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June 2002
Silver Spoons
August 2002
Starting Flats Fishing
September 2002
Beginning Gear - pt. 1
October 2002
Beginning Gear - pt. 2
November 2002
The Courteous Angler
Dec 2002/Jan 2003
Reflections at the
Tide Change
February 2003
Jerkbaits, another look
March 2003
How important is presentation?
April 2003
When to fish...?
May 2003
New ideas
September 2003
Flats Fishing 101 (recap)
December 2003
Another flats fishing year ends
Jan - Feb 2004
New year, new opportunities
March 2004
Flats fishing on any budget
August 2004
Special Request - Hurricane Report
How important is presentation?
Mar 2003

The importance of presentation stuck in my mind as a fishing buddy mentioned it as we sat around a campfire. It seems to go without saying that presentation is what successful flats fishing is all about. Gently placing a select bait or lure in the zone a predatory game fish will be drawn to it. The enticement increased by the action the angler imparts to the offering. Natural, non-threatening, realistic action that will make the target fish take the bait, hook and all.

Certainly this is a big part of what fishing is about. That being the case we should all be practicing our presentation. Making our offering irresistible. Is presentation the most important tool for the angler. For this article please assume that a having all the best skills is the goal. Along the way to acquiring the skills though what should the anger do?

Locating fish
So if presentation is not the most important what is? Maybe the most important skill for the angler to develop is to find fish. If you think about this just a bit you can see how important locating fish can be. It does not matter how much you finesse the equipment and the terminal tackle if no fish is available to notice it. This sounds simplistic and maybe goes without saying. Still, my first hurdle in improving my fishing success was knowing where to fish. This is of course an age old question asked by any prospective angler. As you pass leaving the water, those coming in will usually ask where you were fishing. They will also ask what you caught your fish on assuming you did catch fish.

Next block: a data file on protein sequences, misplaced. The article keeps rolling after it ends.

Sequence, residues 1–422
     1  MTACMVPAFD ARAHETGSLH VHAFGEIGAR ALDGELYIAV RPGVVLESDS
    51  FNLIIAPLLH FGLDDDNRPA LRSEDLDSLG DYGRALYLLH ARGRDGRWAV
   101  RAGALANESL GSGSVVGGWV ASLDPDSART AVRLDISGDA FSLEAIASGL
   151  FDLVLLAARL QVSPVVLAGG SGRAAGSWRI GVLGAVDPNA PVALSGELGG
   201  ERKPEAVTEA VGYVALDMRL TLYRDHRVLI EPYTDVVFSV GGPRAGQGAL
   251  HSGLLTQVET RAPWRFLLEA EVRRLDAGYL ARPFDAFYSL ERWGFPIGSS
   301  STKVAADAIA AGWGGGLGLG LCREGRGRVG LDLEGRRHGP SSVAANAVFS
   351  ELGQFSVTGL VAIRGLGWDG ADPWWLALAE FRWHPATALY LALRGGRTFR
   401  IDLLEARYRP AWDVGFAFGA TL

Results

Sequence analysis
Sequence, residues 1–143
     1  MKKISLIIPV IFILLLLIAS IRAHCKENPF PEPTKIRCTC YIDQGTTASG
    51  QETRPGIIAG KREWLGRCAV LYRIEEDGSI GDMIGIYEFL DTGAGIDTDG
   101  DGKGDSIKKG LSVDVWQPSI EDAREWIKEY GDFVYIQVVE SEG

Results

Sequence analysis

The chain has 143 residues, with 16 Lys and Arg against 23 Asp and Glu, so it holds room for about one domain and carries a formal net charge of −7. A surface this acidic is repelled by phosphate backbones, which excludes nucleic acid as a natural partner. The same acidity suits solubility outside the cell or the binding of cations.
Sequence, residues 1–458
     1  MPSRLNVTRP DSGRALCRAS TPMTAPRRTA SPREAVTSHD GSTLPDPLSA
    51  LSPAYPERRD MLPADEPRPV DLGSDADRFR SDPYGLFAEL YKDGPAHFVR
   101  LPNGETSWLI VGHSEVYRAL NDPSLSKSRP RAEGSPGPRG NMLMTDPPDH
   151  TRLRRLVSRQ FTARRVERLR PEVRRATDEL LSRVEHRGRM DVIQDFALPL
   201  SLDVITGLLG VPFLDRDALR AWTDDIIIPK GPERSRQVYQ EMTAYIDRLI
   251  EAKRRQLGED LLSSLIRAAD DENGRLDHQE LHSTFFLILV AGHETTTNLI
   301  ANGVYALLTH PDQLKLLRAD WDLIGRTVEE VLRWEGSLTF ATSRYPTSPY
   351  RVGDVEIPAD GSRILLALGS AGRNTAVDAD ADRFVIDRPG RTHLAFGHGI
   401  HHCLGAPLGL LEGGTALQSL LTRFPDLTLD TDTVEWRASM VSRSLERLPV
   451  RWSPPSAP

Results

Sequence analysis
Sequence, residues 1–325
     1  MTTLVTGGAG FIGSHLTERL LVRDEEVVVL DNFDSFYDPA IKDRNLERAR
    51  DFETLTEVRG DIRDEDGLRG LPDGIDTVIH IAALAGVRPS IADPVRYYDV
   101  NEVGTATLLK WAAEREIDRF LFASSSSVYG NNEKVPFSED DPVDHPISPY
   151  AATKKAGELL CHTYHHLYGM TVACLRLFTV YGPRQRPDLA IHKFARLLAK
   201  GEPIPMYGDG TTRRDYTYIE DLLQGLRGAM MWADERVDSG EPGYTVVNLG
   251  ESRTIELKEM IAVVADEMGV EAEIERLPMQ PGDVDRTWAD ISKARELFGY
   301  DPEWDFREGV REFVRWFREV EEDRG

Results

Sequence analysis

Asking is one way of locating fish. It is not always productive as fishing spots tent to be a little secretive. You will find many anglers though who are willing to share some knowledge about local fishing spots. This can be your best source. I happened by a man fishing off his dock and we struck up a conversation. He told me that near his dock and around a bend of this tidal creek would be some excellent chances for snook if I were to be there at dead low tide. I fished several spots and made sure to return later in the day as the tide was at the lowest and had one of the best snook catches ever.

Finding snook
Snook can be (not always) easier to pinpoint as some of the habitat that they frequent is clearly visible. Shallows with structure or grasses for crashing bait fish that are forced out in the open as tides fall. If an angler works mangrove edges, grass or reed points, downed trees and shallow creek inflows there is a chance of finding a snook. Don't forget bridges on the shadow line at night.